Chocolate consumption is constantly increasing, but production is declining. Faced with this problem, companies are interested in alternative lab-based manufacturing methods.
Since 2018, several stakeholders have sounded alarms and predicted a global chocolate shortage, the “chocapocaylpse.” On the one hand, the global market is expanding very rapidly, according to one report, doubling by 2025 and potentially exceeding $ 170 billion by 2025. More than half of the world’s production is consumed in Europe and North America.
Demand is exploding in emerging countries, fascinated by the concept of “coffee culture”. In India, for example, according to an article in The Conversation, chocolate consumption increased by 50% between 2011 and 2016. On the other hand, supply is running short. The crops are suffering from cocoa tree disease and growers are not hesitant to look at other more profitable crops such as rubber and palm oil.
According to WWF, the process of cocoa cultivation causes massive deforestation in West Africa, especially in Ghana and Côte d’Ivoire, which involves child labor due to dangerous work.
Faced with these threats, some producers are focusing on sustainable development, such as the Mars and Milka brands. But others are looking at more radical alternatives. Researchers at the University of Applied Sciences Zurich (ZHAW) have developed a technique for growing chocolate in the laboratory.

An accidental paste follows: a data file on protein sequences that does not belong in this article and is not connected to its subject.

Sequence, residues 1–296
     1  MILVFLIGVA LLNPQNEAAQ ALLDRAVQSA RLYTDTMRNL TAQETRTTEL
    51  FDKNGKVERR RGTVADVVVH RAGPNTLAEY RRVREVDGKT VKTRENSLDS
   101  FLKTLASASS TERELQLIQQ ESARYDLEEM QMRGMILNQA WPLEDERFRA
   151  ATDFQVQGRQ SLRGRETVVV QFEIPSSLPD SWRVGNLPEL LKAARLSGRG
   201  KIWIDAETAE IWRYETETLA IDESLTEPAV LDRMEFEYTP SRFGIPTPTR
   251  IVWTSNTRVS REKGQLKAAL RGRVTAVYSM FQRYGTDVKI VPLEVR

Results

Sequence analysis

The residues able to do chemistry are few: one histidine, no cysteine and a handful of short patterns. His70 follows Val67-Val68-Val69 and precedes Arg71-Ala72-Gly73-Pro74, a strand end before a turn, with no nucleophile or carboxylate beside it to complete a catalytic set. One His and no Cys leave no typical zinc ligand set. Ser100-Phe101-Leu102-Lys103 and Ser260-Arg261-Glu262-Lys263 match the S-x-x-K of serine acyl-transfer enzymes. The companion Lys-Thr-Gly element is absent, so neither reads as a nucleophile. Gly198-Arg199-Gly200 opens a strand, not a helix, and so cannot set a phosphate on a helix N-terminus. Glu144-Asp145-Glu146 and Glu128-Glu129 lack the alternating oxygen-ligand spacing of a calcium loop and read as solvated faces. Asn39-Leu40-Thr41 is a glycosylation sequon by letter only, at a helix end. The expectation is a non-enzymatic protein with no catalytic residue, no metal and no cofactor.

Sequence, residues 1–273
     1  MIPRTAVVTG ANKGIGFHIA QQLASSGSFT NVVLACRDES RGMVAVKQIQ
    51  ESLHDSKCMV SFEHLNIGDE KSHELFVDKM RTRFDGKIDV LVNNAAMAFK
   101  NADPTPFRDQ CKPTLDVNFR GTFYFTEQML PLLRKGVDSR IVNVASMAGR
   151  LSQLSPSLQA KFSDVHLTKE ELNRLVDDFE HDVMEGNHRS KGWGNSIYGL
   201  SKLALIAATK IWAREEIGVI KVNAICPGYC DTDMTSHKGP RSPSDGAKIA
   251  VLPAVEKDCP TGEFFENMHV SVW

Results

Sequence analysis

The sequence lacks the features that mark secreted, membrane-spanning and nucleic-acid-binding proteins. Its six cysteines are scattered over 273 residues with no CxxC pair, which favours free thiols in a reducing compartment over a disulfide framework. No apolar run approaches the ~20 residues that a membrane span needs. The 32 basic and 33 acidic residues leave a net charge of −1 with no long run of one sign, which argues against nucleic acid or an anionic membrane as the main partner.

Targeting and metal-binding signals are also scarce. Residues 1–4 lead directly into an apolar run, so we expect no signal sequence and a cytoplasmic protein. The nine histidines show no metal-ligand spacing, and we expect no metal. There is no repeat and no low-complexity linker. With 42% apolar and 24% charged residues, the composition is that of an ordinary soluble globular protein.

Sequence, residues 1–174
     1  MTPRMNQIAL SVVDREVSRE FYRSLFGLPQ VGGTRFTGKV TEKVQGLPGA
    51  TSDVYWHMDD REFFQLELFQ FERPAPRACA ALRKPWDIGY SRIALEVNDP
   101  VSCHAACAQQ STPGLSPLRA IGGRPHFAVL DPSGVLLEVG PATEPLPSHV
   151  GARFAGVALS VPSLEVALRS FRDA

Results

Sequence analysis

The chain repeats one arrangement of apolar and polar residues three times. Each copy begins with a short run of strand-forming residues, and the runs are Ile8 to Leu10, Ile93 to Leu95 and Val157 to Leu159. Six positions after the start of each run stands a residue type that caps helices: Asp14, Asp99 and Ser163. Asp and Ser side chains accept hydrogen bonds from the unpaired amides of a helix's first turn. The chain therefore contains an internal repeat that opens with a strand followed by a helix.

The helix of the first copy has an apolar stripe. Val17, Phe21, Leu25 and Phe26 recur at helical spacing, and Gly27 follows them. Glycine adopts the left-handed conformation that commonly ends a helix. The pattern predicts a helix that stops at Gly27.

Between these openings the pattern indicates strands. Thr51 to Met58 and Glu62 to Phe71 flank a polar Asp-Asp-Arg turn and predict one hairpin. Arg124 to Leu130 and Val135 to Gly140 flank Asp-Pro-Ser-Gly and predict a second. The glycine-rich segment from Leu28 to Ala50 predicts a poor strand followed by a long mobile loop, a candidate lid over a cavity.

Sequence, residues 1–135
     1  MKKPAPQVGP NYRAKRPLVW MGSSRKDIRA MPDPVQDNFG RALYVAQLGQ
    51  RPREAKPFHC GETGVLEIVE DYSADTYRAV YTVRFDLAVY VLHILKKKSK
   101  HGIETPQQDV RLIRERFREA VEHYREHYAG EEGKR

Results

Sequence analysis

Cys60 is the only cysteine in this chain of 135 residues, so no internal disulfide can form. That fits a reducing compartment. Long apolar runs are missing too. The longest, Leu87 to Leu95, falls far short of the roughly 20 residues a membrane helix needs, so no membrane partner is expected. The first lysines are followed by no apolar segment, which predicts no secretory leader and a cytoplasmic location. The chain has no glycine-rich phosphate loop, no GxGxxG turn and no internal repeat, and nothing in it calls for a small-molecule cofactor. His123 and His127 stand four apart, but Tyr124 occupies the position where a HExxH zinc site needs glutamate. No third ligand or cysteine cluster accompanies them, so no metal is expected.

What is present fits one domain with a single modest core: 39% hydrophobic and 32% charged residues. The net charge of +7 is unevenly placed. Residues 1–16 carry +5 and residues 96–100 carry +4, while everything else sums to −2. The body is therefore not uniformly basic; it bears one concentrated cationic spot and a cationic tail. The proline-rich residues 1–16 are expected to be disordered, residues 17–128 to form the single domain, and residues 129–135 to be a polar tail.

Regine Eibl, a researcher at the University of Applied Sciences Zurich (ZHAW), told swissinfo.ch: To make this chocolate, the cocoa beans must first be washed, then sterilized, divided into 4 equal parts with a scalpel, and cultured in a dark place in a 29 ° culture. A crust is formed within 3 weeks.
These calluses are then harvested, placed in flasks and shaken in a bioreactor (a type of large tank). The energy footprint of the manufacturing process has not yet been calculated, but the resulting product can grow indefinitely, making it more environmentally friendly.
Other companies interested in this area include California Cultured, Voyage Foods and Qoa. The Munich-based latter is interested in yeast-based chocolate production and “precision fermentation”. Qoa claims to be able to produce chocolate that is 20% cheaper than traditional chocolate.
However, at this time, none of these companies have announced the release of this type of product to the consumer market, so it is unlikely that you will immediately sample the chocolate grown in the lab.
Is laboratory-grown chocolate the answer to the imminent “chocapocalyspe” — citizens
Source link Is laboratory-grown chocolate the answer to the imminent “chocapocalyspe” — citizens